U.S. Ballistic Missile Defense System Rife with Security Holes

Widespread, unpatched vulnerabilities are just one set of problems uncovered by a Department of Defense audit.

The classified networks in the facilities where ballistic missile defense system technical information is housed are vulnerable to a raft of internal and external cyber-threats, according to the Department of Defense Inspector General.

In a heavily redacted report issued last week, the DoD issued an assessment that the networks that process, store and transmit both classified and unclassified ballistic missile defense system (BMDS) technical information are riddled with security holes, including a lack of basic best practices, such as implementing antivirus software.

The “technical information” in question refers to military or space research and engineering data, engineering drawings, algorithms, specifications, technical reports and source codes, among other information.

Overall, the DoD found a host of issues, starting with the fact that network administrators and data center managers don’t consistently require multifactor authentication to access BMDS data; and, that the data isn’t always encrypted when transmitted. It also found several unpatched, known network vulnerabilities lurking on the systems, including one that dates back to the 1990s; a lack of monitoring for classified data stored on removable media; and a lack of intrusion detection and antivirus capabilities.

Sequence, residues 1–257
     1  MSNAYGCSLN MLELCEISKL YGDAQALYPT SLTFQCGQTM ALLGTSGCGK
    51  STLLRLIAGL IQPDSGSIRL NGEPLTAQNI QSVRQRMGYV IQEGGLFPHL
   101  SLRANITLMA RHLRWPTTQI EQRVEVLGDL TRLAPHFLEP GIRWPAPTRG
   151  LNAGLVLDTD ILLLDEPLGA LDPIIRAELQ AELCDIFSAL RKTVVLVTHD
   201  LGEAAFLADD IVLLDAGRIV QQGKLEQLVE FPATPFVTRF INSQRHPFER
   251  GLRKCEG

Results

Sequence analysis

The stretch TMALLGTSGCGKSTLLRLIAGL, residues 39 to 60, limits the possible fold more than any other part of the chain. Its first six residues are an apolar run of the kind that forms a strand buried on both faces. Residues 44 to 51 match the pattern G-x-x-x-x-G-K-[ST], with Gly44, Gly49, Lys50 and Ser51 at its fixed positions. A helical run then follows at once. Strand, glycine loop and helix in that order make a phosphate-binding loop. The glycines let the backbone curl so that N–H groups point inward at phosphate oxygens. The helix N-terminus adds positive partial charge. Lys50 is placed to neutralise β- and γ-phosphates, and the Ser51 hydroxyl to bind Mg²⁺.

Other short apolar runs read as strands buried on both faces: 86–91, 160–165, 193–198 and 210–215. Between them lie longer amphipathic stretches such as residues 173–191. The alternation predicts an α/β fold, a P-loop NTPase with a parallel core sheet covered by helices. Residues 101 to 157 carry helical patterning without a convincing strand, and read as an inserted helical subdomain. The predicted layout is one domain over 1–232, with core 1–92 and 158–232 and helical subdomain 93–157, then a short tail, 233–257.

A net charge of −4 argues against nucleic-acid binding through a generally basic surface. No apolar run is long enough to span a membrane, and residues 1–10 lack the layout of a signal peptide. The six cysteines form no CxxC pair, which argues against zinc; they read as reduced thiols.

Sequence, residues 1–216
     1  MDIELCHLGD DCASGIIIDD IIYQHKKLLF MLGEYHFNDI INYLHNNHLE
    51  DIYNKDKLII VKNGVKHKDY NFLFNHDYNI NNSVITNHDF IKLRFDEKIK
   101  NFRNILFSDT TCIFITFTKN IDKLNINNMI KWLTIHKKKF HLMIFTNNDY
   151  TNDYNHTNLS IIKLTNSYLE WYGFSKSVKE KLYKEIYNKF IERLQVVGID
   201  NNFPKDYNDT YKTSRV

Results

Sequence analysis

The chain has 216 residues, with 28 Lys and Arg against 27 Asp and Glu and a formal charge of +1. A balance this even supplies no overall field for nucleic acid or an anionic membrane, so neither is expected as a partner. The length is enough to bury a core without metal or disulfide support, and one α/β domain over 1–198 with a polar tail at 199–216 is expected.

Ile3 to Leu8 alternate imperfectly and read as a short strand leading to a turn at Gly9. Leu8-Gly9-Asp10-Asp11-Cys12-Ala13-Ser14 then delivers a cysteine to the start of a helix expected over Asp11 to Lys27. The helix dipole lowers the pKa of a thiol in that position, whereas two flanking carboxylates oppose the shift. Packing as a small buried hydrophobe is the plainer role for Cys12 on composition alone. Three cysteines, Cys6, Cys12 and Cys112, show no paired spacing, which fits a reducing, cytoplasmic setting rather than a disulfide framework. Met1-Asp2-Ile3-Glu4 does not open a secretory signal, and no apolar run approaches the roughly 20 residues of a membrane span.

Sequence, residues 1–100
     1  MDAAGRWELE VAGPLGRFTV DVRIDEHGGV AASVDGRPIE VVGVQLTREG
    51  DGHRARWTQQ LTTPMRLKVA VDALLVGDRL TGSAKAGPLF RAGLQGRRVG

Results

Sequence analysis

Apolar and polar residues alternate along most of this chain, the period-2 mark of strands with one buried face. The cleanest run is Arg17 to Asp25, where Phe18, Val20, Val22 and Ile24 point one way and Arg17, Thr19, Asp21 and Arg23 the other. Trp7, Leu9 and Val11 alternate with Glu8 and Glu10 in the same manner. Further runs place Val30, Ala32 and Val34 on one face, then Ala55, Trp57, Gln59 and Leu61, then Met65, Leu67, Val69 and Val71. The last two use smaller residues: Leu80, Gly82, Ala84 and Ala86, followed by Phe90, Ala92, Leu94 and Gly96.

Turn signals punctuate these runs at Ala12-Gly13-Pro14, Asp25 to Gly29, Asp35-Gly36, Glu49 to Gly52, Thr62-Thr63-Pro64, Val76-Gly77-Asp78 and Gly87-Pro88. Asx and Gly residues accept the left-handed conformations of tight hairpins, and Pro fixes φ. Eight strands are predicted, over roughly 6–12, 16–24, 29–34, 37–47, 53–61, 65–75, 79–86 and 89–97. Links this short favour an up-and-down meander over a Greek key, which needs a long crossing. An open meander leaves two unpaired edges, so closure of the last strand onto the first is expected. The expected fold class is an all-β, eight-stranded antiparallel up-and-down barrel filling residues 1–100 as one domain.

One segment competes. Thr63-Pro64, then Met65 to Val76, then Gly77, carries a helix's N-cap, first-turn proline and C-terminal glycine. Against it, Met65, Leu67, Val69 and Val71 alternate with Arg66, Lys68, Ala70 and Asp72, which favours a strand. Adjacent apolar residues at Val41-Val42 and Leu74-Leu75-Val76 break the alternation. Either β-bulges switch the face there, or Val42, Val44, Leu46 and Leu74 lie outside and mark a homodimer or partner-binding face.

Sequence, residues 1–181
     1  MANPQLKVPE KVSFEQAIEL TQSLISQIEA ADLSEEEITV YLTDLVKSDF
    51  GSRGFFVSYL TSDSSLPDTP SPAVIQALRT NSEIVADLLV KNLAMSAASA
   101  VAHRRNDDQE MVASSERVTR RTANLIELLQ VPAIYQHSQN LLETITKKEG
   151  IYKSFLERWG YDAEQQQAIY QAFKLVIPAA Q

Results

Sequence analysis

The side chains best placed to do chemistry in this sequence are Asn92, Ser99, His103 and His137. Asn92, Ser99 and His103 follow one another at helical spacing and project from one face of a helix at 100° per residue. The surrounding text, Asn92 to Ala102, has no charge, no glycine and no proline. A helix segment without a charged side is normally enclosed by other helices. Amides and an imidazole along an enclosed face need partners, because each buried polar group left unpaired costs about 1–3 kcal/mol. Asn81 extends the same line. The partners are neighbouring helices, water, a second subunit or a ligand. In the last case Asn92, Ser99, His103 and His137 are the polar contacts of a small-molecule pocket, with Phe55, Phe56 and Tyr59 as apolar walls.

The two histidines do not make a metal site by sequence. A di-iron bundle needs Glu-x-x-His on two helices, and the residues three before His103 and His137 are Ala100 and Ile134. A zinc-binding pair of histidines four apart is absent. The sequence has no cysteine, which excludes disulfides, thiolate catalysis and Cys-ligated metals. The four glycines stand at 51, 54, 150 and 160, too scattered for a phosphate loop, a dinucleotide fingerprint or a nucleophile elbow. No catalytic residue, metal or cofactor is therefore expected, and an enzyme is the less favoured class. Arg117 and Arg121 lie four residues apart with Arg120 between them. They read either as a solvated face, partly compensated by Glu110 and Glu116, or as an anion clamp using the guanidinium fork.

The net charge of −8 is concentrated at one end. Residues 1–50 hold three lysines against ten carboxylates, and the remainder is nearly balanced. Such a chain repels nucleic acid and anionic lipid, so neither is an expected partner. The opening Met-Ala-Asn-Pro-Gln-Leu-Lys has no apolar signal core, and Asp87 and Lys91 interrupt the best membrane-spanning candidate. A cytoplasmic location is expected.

Lest we forget what’s at stake, the DoD noted in the report that “increasing threats of long-range missile attacks from adversaries requires the effective implementation of system security controls to help reduce the number of exploitable weaknesses that attackers could use to exfiltrate BMDS technical information.”

Further, there’s also no requirement for written justification as a condition to obtain and elevate system access for users. “Limiting access to BMDS technical information to users with a mission-related need to know reduces the risk of intentional or unintentional disclosures of data critical to national security,” the report pointed out.

More information may need to be published in order to give a full picture of the problem. The report is based on visits to just five facilities, out of 104 – and the DoD admitted that this represents a “non-statistical sample.”

Lamar Bailey, director of security research and development at Tripwire, added that while the findings are alarming, it’s not quite as bad as it seems initially, given that the security problems were not found in a blanket fashion across the five facilities that were audited.

“While I agree at first glance this sounds horrible, the key word in the findings is ‘consistently,'” he said via email. “Only one audit hit all five [networks audited] and this dealt with justification for access. [Not only were they] not consistently used, but this can apply to ‘administrative, facility, a lab or both,’ so they may not apply to the networks with the defense/offense controls.”

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